Olympia Pet Emergency Provides ER for Injured and Sick Animals

It’s a pet owner’s worst nightmare: your dog gets injured late at night on a holiday weekend and needs to be treated right away but your regular veterinary office is closed. Attempting to quell rising panic, you search online and discover a small miracle, right in your own backyard – Olympia Pet Emergency.

olympia pet emergency
Dr. Blair Burggen says that because animals can’t talk they need a team of advocates on their side.

Open 24 hours a day, seven days a week including all holidays, Olympia Pet Emergency is designed for just such situations. In medical terms, while most veterinary practices are like general practitioners, with long-term relationships and appointments, Olympia Pet Emergency is like the ER.

“There are no appointments,” says practice manager Ted Westby. “We don’t do spays and neuters or vaccinations. We see people when either their regular vet doesn’t have time to see them or something happens overnight. People show up at 1:00 in the morning with a dog that’s been attacked by a raccoon or has a face full of porcupine quills. Maybe their dog or cat wasn’t feeling well and all of a sudden it got bad, so they show up here.”

Sundays are typically peak days, as are holidays like Christmas Eve and 4th of July. The long weekends resulting from Memorial Day and Labor Day also generate high volume. “Thanksgiving is kind of interesting because you end up with a four-day weekend,” says Westby. “We see more emergencies during Thanksgiving than any other time because of the length of the holiday.”

olympia pet emergency
The staff at Olympia Pet Emergency excel at staying calm in crisis situations and rapidly developing trust with panicked pet owners.

The nature of the practice means that clients are always to some extent in crisis mode, presenting the staff with a special set of challenges. “Often the clients are panicking or emotionally distraught,” says hospital administrator Trisha Jones. “The team members are remarkable. They’re very compassionate and they find a way to stay calm and develop trust very quickly. That compassion and level-headedness is really important.”

The staff treats a range of issues, from porcupine quills to the aftermath of dog fights to ‘blocked’ cats who can’t urinate and dogs who have ingested anything from a rock to twenty socks. “We deal with a lot of toxicities,” says Westby. “The biggest one right now is marijuana toxicity by a huge margin. We always saw it a little bit, but now that it’s legal we’ve seen a real increase.”

On one occasion, a man brought in a redbone hound puppy named Annie that had been hit by a car and had a broken leg. “It was a beautiful dog, and the guy didn’t have any money,” says Westby, who operates a rescue operation with his wife that houses 27 dogs. “The staff was talking about doing all kinds of things. I was driving home thinking, ‘I can’t let that dog die.’”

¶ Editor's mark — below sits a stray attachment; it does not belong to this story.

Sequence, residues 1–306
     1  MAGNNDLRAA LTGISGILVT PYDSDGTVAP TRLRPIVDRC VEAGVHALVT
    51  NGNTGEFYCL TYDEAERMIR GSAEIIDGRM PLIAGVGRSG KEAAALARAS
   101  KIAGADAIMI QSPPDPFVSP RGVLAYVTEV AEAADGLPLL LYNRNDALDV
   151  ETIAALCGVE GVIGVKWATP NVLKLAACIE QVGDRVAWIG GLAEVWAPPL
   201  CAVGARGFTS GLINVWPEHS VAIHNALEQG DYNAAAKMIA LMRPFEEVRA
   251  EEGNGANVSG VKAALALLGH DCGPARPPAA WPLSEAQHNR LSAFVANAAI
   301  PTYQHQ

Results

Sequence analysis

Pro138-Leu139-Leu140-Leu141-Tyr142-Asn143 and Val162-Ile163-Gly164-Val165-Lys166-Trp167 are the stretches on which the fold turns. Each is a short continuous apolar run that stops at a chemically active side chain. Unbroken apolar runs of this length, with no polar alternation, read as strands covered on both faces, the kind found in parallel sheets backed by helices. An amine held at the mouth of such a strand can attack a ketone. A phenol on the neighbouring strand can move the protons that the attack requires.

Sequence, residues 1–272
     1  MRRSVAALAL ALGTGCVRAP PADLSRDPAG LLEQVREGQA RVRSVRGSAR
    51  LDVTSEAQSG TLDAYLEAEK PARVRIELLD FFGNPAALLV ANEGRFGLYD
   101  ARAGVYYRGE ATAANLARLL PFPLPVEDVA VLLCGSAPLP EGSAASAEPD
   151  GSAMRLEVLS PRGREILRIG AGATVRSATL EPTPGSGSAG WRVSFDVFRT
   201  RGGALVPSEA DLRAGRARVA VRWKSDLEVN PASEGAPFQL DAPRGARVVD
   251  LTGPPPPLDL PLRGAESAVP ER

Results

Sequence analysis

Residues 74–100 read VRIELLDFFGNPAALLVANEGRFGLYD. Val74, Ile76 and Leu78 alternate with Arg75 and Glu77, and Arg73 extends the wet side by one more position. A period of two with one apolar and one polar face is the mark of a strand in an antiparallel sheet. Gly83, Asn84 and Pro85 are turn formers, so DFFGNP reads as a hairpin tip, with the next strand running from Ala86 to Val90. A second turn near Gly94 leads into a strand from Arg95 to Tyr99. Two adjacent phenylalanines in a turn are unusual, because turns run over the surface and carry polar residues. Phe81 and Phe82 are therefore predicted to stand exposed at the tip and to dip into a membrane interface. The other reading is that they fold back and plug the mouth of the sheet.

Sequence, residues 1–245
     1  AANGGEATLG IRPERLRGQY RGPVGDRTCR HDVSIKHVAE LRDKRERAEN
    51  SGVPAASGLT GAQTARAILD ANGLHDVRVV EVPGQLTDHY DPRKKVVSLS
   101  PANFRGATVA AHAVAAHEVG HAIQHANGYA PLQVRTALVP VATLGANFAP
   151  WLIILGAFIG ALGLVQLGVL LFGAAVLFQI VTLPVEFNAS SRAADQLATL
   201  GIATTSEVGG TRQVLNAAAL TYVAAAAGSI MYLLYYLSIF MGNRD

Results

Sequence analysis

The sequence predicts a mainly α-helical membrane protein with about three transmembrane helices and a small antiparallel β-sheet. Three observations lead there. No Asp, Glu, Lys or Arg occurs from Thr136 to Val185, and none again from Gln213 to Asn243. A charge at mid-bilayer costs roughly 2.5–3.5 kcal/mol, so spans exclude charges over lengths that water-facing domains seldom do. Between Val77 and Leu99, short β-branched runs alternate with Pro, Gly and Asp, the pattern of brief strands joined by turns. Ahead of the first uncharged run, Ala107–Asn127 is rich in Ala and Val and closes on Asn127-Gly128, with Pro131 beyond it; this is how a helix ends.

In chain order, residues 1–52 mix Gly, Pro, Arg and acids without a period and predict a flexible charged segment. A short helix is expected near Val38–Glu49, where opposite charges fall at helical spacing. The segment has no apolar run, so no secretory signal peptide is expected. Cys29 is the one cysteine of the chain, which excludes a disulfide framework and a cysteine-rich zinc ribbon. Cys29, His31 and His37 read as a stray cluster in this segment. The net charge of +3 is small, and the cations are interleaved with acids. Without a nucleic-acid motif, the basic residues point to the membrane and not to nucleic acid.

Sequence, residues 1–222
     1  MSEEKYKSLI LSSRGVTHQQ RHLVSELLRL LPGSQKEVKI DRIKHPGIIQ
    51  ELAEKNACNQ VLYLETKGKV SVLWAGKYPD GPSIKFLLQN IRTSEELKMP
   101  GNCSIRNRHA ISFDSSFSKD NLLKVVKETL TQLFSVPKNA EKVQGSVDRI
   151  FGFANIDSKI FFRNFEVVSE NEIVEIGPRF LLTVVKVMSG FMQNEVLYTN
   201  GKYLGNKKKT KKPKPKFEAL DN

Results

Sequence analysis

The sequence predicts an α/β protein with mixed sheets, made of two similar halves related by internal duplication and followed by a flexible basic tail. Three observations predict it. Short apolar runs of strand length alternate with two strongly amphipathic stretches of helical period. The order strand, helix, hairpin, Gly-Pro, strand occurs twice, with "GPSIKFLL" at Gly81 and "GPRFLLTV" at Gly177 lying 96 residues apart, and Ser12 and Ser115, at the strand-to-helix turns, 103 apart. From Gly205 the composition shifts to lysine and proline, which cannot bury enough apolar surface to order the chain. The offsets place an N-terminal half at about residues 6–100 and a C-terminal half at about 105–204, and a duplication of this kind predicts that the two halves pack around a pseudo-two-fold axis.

He called his wife and they agreed to take money out of their Care Credit account to pay for the puppy’s surgery. “They put a big splint on her and did the work that they needed to do and then one of our techs adopted Annie,” says Westby. “She ended up with a really nice place to live and people that loved her.”

olympia pet emergency
Although some clients call ahead of time, most often people simply walk in.

Westby’s brother David, a veterinarian working in a day clinic at the time, founded the practice in 1996 after seeing the need for an emergency pet service. “He saw that vets were doing all of their own night calls and this was an opportunity to help his colleagues,” says Westby.

With that in mind, Dr. Westby contacted all of the vets who he knew in the general area that he planned to service and explained his plan. “Basically, this is an emergency practice,” says Ted Westby.  “We’re not going to do what you do, we’re going to do what you don’t want to do.” Ever since, local veterinarians have regularly referred clients to Olympia Pet Emergency. Although referrals slowed when the economy crashed in 2008, they have increased as it began to recover.

olympia pet emergency
Olympia Pet Emergency is located on Pacific Avenue near the Olympia Food Co-op.

While the demands of emergency medicine are intense, the rewards are also great according to Medical Director Blair Burggen. “First, there are the patients,” he says. “They need help and they need advocates, because they can’t talk or tell us what they need.”

“Then there are the clients who bring them in,” he continues. “They just need help. In the middle of the night or when their vet isn’t answering the phone, we’re all they’ve got.”

Finally, having a high-functioning team is critical. “I’ve worked with a lot of good teams and good people over the years. They can either make it or they can break it,” he says. “Our team is a big part of what makes this work so satisfying.”

For more information about Olympia Pet Emergency, visit www.olympiapetemergency.net or call 360-455-5155.

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